Academic discourse - the exchange of ideas, perspectives or findings on a topic - dictates that certain conventions are used where scholarly conversations are taking place. Scholarly conversations can occur in various locales: in classrooms or online forums, through papers or presentations, in asynchronous or synchronous fashion.
One of the conventions used in academic discourse is to cite our sources each time we introduce an idea, perspective or finding into a discussion that is not our own.
When you think about it: good conversations take place with several people contributing, and meaningful scholarly conversations will require your own contributed ideas, perspectives or findings as well as the other conversation participants.
We can integrate sources into our scholarly conversations by:
directly quoting the contributor (including statistics and data)
paraphrasing - using the original thoughts of a contributor, but rephrasing them in your own words with often a similar structure and length
summarizing - taking major talking points from the contributor and reducing the size of the content shared
The contribution of visual research to the conversation like the use of a table, graph, figure or image must also be acknowledged through citation.
When working on academic research projects and contributing to conversations through online forums, papers, or presentations; convention also dictates the use of citation through a two part process:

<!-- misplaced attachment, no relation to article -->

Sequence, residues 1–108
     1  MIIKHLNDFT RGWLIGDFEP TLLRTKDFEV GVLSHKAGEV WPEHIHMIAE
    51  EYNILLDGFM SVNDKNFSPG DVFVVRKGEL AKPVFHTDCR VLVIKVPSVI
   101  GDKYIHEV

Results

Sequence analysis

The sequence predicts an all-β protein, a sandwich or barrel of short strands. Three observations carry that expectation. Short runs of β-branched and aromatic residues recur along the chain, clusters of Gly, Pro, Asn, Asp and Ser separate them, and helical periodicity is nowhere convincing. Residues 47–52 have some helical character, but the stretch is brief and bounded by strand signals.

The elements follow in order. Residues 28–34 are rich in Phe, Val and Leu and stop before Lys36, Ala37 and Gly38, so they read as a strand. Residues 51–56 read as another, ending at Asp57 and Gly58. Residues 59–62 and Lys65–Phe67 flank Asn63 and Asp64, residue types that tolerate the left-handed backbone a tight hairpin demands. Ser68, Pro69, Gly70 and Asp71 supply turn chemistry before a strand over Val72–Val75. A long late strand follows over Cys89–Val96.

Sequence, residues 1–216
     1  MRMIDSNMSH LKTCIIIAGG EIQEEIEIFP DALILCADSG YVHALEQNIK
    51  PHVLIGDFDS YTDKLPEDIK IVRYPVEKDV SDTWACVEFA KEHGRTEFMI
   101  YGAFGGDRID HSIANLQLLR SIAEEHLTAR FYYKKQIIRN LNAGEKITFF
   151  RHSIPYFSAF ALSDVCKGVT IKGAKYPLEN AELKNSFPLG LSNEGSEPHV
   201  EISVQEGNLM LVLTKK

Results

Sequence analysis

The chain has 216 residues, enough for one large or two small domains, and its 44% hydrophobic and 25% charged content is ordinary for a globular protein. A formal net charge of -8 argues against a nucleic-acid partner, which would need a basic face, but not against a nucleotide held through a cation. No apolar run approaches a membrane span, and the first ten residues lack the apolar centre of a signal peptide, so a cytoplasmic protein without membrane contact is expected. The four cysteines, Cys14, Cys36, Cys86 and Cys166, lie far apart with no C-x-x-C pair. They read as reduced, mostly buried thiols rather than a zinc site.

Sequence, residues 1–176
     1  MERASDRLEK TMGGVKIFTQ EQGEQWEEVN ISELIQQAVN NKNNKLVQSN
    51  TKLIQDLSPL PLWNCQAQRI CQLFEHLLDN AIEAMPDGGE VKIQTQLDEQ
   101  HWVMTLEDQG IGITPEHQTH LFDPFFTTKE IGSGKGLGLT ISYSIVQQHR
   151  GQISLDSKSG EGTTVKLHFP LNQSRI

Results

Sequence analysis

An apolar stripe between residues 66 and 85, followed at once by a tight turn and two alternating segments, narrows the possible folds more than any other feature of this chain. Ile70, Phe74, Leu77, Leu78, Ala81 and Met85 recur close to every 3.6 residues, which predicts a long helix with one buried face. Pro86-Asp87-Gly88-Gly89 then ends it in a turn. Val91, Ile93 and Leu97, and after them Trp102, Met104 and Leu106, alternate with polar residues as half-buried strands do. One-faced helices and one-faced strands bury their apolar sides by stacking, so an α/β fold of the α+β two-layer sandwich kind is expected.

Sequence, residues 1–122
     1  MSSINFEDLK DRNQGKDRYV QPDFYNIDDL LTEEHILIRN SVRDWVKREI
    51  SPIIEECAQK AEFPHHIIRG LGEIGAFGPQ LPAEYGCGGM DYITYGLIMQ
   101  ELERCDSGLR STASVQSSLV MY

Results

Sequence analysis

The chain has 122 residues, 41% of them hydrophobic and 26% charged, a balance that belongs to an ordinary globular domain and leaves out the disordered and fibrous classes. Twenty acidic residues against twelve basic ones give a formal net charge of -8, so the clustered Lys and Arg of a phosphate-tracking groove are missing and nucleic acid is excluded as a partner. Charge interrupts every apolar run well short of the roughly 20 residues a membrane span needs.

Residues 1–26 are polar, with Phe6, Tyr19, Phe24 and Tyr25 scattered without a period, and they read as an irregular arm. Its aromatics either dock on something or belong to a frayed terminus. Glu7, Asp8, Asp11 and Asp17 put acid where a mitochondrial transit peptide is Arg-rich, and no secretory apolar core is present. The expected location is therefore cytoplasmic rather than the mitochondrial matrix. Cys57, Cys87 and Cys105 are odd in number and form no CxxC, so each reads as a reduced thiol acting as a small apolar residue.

Acknowledgment of the source with a brief notation after you use it in the body of your work (a.k.a. parenthetical or in-text citation). This brief notation links your audience to the second part of your citation.
A more detailed description of the source that is located in the Works Cited or References page at the end of your work. This detailed citation allows your audience to find the creator and source and reuse the information themselves.
There is one exception to these citation conventions, which is called common or foundational knowledge. Common knowledge statements are well known facts and do not need to be cited. Makes sense, but determining when information is common knowledge can sometimes be challenging because it depends on the context in which the conversation is occurring.
The graph below illustrates the various degrees of common knowledge based on different audiences (general common knowledge, common knowledge within a specific field, not common knowledge).
Credit: Vermont Community College